A Parliamentary panel on Tuesday said there needs to be more clarity on various provisions of the Occupational Safety, Health and Working Conditions Code, 2019, as well as explicitly bring contract workers under the Code.
The Code -- which would subsume 13 extant labour laws -- was introduced in the Lok Sabha on July 23, 2019, and then referred to the committee.
In its report tabled in the Parliament, the Standing Committee on Labour said there should be uniform definitions and clarity in interpretation of the provisions contained in the Code.
Clarity is needed since 13 extant labour laws are being subsumed "to provide basic broad legislative framework with enabling provisions for framing rules, regulations, standards and bye-laws", the report said.
According to the panel, the Code should cover workers in all sectors, including those at central/ state government establishments/ properties.
Among others, all types of plantation workers; working journalists, including those on contracts; audio-visual workers; sales promotion employees; medical representatives; unorganised sector workers, and inter-state migrant workers should be included, it added.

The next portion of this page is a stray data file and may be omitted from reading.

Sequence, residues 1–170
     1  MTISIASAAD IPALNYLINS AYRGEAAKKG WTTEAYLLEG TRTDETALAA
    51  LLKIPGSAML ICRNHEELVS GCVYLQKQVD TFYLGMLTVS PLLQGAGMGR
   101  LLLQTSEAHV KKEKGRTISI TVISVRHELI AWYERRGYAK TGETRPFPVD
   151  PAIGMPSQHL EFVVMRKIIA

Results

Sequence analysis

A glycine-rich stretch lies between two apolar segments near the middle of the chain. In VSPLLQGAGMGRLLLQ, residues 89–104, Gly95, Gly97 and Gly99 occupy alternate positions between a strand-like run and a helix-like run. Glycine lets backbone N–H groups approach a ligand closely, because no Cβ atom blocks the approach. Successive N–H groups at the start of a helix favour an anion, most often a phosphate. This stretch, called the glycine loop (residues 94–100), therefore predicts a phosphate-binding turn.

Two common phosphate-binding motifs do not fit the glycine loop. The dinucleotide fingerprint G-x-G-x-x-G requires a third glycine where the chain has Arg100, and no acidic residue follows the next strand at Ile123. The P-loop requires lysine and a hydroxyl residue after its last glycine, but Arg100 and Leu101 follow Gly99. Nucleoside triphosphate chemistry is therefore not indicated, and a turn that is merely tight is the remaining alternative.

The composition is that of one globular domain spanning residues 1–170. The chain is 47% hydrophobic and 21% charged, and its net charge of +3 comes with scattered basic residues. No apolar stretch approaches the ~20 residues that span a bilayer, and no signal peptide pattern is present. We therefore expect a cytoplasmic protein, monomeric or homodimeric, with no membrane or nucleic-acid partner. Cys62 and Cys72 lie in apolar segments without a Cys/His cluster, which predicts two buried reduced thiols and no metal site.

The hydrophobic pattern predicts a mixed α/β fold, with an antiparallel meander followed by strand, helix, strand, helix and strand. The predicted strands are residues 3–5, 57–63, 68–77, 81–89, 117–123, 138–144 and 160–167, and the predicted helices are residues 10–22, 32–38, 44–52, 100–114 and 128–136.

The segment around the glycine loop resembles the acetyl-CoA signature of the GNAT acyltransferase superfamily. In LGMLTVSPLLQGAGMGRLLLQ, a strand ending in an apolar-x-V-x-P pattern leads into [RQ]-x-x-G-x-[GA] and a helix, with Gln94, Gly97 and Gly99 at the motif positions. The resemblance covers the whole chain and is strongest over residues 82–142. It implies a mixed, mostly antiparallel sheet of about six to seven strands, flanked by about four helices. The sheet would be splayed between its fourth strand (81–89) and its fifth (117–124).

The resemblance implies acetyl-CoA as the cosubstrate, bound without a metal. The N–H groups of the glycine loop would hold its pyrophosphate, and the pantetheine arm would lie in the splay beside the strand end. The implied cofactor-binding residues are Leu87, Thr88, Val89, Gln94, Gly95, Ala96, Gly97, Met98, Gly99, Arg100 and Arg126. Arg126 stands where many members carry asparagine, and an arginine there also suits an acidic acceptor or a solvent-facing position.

The panel noted that grey areas in interpretation and implementation of the 13 Acts should be addressed in the Code.
There should be a "a clear cut differentiation between core and non-core activities in which contract labourers can be engaged, as has been done in some states like Andhra Pradesh, be considered," it noted.
Further, the report suggested that there should be prudent and unambiguous demarcation of responsibility between the centre and states. This would remove confusion, avoid endless litigations and result in seamless implementation of the intended objectives, it said.
The committee also flagged ambiguity in the definition of 'Appropriative Government' for dealing with different kinds of establishments under the Code.
Since the Centre and states employ a large number of contract workers these days, they should be explicitly covered under the Code, it said.
The Code incorporates essential features of the 13 Acts, including those related to factories, dock workers, building and other construction workers, plantation labour and contract labour.
It also includes Acts pertaining to inter-state migrant workers, working journalists and other newspaper employees, motor transport workers, sales promotion employees, beedi and cigar workers, cine workers and cinema theatre workers.
The labour ministry plans to introduce the Code for consideration and passage in the Budget session of Parliament. The second phase of the session is from March 2.
(This story has not been edited by Business Standard staff and is auto-generated from a syndicated feed.)